Kenza Drider, a French Muslim of North African descent, wearing a niqab, arrives at the Gare de Lyon railway station in Paris
Kenza Drider, a French Muslim of North African descent, wearing a niqab, arrives at the Gare de Lyon railway station in ParisReuters

Two women have been arrested in Paris this morning, as France's ban on burkas and other face covering garments came into effect today.

The women, who were wearing veils, were taking part in a protest against the new law outside Notre Dame Cathedral. The pair could be fined £133 for wearing the veil under the new law, which also stipulates that men forcing women to veil themselves can be punished with a year in prison and a fine worth £25,000.

On Saturday 59 people were arrested for taking part in an unauthorised protest against the new law, with around a third of those arrested being veiled women.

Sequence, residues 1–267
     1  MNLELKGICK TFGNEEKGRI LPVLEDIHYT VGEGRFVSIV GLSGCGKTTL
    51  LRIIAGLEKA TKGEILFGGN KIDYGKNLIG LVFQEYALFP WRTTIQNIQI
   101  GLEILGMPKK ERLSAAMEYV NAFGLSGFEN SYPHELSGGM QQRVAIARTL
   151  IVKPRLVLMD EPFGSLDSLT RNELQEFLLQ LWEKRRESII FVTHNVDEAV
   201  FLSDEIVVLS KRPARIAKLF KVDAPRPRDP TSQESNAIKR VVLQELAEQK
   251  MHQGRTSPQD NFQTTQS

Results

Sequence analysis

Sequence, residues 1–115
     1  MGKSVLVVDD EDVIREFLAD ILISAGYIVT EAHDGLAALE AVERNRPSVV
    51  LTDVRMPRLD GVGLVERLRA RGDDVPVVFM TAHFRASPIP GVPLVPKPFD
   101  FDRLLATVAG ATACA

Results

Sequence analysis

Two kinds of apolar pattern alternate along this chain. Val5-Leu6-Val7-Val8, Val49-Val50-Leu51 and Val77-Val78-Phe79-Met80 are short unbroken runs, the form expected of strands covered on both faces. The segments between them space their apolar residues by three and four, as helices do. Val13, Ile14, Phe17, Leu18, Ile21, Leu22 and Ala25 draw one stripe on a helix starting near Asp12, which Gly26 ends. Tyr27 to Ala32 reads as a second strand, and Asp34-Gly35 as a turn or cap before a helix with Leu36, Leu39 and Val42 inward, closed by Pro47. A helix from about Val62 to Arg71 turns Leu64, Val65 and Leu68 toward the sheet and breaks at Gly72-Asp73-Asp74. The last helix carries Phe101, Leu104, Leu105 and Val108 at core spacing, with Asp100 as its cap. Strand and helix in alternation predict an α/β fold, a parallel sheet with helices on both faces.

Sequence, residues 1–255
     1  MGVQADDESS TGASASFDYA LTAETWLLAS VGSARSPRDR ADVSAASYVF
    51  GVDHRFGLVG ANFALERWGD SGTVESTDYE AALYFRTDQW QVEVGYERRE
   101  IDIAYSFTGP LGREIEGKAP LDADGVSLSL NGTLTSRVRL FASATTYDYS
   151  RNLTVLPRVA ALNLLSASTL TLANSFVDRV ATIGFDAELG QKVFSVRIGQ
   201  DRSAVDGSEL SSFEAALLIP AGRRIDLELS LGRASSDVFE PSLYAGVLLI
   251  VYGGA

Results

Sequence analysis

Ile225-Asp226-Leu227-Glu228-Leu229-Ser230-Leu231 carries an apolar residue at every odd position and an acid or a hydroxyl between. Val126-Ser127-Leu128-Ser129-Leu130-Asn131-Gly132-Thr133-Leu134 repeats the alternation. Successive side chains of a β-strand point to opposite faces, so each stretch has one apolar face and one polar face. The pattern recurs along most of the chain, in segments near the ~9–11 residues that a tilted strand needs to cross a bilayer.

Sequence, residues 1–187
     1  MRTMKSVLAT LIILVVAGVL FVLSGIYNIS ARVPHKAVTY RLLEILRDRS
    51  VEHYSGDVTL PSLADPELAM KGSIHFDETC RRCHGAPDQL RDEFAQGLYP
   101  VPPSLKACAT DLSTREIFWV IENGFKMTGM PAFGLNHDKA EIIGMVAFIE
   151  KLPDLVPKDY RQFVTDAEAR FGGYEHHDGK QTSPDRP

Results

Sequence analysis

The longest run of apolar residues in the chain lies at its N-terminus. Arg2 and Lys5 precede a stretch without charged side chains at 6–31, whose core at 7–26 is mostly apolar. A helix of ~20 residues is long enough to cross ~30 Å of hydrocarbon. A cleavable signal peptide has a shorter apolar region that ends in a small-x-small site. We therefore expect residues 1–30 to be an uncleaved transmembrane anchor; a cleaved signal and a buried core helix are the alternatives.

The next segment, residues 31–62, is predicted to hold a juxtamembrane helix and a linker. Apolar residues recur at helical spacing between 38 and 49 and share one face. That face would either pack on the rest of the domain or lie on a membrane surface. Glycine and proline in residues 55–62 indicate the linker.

French police have been issued with guidelines on how to enforce the controversial ban. Officers will not be permitted to "de-veil" offenders but must bring them back to the police station, nor will they be allowed to target women in and around mosques.

In addition to this there are criticisms that the police will be tied up "burka-chasing" by the new law and will also be too wary of attempting to enforce the new law, both on rich Saudi tourists and on some of the more riot prone Muslim areas of Paris.

Supporters of the law say that burkas and similar garments challenge France's secular values and symoblise the inferiority and oppression of women. Opponents of the law say that a ban goes against freedom of choice and will alienate Muslims.